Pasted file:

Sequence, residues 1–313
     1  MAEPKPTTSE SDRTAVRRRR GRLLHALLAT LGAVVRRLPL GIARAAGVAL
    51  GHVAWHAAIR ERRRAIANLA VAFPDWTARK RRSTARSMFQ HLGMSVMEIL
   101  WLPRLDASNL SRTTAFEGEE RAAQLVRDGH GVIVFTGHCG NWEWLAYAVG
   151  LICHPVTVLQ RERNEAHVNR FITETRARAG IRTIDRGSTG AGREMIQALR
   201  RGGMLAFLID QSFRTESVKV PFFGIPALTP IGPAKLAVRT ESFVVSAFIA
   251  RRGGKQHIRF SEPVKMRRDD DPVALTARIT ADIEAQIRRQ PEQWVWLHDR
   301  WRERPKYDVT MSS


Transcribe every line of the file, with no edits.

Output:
Sequence, residues 1–313
     1  MAEPKPTTSE SDRTAVRRRR GRLLHALLAT LGAVVRRLPL GIARAAGVAL
    51  GHVAWHAAIR ERRRAIANLA VAFPDWTARK RRSTARSMFQ HLGMSVMEIL
   101  WLPRLDASNL SRTTAFEGEE RAAQLVRDGH GVIVFTGHCG NWEWLAYAVG
   151  LICHPVTVLQ RERNEAHVNR FITETRARAG IRTIDRGSTG AGREMIQALR
   201  RGGMLAFLID QSFRTESVKV PFFGIPALTP IGPAKLAVRT ESFVVSAFIA
   251  RRGGKQHIRF SEPVKMRRDD DPVALTARIT ADIEAQIRRQ PEQWVWLHDR
   301  WRERPKYDVT MSS